Resource links provided by NLM:

Further study details as provided by Mario Negri Institute for Pharmacological Research:

Biospecimen Retention:   Samples With DNA
Whole blood on EDTA. Serum. Urine samples.

Enrollment: 2
Study Start Date: December 2002
Study Completion Date: November 2014
Primary Completion Date: October 2008 (Final data collection date for primary outcome measure)
Groups/Cohorts Assigned Interventions
Patients with Fabry disease Other: Biochemical analyses.
Biochemical analyses.

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Detailed Description:

INTRODUCTION Fabry disease is an X-linked error of glycosphingolipid catabolism caused by the deficient activity of the lysosomal hydrolase α-galactosidase A (α-gal A) in tissues and fluids of affected hemizygous males; most heterozygous females have an intermediate level of enzymatic activity. The enzymatic defect leads to a systemic deposition of glycosphingolipids, predominantly globotriaosylceramide (Gb3), in body fluids and in the lysosomes of endothelial, perithelial, and smooth-muscle cells of blood vessels. Deposition also occurs in ganglion cells.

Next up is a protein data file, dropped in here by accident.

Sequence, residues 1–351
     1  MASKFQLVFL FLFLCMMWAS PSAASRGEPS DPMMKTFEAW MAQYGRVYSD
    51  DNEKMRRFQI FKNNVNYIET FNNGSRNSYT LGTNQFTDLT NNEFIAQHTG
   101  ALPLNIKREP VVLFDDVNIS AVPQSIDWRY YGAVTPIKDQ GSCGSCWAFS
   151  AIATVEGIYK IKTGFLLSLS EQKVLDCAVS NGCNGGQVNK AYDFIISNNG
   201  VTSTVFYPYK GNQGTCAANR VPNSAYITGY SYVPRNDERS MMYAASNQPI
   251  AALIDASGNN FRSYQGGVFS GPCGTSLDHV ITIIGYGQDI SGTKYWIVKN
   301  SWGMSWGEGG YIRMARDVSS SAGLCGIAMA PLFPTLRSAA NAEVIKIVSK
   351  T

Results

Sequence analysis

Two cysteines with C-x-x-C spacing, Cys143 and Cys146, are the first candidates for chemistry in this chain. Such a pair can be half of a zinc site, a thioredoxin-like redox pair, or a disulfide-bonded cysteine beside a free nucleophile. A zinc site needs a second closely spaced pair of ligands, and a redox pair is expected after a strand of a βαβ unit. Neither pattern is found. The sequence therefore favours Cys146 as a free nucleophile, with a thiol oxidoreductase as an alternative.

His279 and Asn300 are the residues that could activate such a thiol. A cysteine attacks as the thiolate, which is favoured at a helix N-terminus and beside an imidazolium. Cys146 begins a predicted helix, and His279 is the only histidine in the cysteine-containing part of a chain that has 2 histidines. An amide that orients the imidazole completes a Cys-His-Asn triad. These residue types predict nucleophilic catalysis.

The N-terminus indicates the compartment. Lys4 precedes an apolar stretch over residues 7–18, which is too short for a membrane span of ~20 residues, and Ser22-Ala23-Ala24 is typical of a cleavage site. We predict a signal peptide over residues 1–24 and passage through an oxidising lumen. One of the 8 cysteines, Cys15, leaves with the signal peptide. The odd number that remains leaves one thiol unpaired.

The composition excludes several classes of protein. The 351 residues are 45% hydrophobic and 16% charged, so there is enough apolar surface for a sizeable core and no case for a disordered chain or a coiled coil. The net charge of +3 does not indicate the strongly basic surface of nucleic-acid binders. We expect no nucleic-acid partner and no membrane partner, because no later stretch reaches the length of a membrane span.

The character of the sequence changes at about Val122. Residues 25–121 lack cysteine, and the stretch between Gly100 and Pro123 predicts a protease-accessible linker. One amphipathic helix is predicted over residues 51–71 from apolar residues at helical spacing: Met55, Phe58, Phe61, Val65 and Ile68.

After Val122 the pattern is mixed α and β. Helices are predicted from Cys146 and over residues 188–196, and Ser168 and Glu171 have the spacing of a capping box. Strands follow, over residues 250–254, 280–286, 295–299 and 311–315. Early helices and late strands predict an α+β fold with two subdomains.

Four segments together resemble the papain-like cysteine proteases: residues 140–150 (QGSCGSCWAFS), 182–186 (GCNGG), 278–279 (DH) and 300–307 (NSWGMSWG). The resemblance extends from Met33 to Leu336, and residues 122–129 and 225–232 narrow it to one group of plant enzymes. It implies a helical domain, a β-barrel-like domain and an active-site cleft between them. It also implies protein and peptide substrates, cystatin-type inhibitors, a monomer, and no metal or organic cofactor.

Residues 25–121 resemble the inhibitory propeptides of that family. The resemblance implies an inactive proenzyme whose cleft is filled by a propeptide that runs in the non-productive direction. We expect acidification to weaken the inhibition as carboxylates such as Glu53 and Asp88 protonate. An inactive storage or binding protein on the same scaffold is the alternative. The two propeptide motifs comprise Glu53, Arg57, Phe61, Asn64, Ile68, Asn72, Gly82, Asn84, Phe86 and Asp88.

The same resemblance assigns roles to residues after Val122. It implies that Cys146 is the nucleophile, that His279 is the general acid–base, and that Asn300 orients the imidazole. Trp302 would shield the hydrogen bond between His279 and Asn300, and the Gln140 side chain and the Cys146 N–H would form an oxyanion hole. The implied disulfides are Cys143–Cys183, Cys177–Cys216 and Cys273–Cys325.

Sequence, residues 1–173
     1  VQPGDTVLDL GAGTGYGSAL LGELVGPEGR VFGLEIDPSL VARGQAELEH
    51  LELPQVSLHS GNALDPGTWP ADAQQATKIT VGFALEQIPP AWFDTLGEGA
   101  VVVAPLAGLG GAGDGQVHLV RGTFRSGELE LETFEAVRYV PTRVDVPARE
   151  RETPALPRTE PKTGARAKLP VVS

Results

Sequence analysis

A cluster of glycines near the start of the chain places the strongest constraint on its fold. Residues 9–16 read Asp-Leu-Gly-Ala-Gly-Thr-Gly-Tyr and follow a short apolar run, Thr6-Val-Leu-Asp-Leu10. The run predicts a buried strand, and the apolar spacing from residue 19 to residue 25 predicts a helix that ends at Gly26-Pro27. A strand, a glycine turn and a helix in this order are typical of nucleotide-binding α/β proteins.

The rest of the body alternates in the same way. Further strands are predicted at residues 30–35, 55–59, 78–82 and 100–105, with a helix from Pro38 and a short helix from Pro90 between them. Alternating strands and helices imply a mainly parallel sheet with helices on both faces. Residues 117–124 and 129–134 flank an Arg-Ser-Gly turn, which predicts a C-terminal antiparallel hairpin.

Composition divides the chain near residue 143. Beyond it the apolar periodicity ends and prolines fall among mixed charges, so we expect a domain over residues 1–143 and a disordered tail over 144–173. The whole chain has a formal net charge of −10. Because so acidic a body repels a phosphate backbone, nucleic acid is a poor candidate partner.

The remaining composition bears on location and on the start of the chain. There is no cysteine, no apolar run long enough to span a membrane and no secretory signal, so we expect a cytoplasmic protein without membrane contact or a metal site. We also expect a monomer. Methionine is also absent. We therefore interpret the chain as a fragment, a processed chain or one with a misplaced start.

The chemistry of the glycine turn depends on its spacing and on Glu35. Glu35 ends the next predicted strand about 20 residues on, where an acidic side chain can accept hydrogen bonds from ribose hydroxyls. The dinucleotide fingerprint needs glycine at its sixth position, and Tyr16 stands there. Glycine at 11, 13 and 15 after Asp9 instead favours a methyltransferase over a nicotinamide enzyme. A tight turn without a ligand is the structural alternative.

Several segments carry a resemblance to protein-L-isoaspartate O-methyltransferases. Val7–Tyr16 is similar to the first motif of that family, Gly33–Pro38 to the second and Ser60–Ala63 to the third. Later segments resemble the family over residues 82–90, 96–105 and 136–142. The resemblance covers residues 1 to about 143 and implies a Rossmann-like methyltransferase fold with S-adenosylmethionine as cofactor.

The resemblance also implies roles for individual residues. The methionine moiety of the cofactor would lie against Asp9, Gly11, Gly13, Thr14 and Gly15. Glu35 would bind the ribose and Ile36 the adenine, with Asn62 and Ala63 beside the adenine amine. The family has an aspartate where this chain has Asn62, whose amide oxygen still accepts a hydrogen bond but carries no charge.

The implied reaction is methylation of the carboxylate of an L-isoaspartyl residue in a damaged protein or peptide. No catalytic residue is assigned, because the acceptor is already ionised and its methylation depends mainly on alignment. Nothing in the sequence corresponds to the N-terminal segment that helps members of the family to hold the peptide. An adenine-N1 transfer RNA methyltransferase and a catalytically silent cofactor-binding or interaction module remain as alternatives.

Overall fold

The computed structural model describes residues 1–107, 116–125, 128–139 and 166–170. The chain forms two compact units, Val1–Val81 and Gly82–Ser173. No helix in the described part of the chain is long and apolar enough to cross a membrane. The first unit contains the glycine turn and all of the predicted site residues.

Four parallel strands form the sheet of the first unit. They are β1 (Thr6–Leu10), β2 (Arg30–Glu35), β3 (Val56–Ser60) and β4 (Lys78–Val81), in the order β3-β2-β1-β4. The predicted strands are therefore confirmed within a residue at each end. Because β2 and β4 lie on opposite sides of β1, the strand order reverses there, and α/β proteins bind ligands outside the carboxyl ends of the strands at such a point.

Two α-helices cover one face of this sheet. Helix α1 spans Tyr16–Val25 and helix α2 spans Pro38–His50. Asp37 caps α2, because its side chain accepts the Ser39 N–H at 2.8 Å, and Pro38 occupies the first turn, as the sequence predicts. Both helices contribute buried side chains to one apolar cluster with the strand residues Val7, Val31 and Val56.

Clinical manifestations in classically affected hemizygotes (with absent α-gal A activity), include pain and paresthesias in the extremities, vessel ectasia (angiokeratoma) in skin and mucous membranes, and hypohidrosis during childhood or adolescence. Corneal and lenticular opacities are early findings. With increasing age, proteinuria and renal impairment lead to hypertension and uremia. Renal failure typically occurs in the third-fifth decades of life, and these patients need chronic hemodialysis and/or renal transplantation.

Atypical hemizygotes with residual α-gal A activity may be asymptomatic or have late-onset, mild disease manifestations primarily limited to the heart (the "cardiac variant"). Recently a renal variant has been identified too. Heterozygous females may have an attenuated form of the disease.The most frequent clinical finding in females is the characteristic whorl-like corneal epithelial dystrophy. They usually are asymptomatic, although rarely can be severely affected as hemizygous males.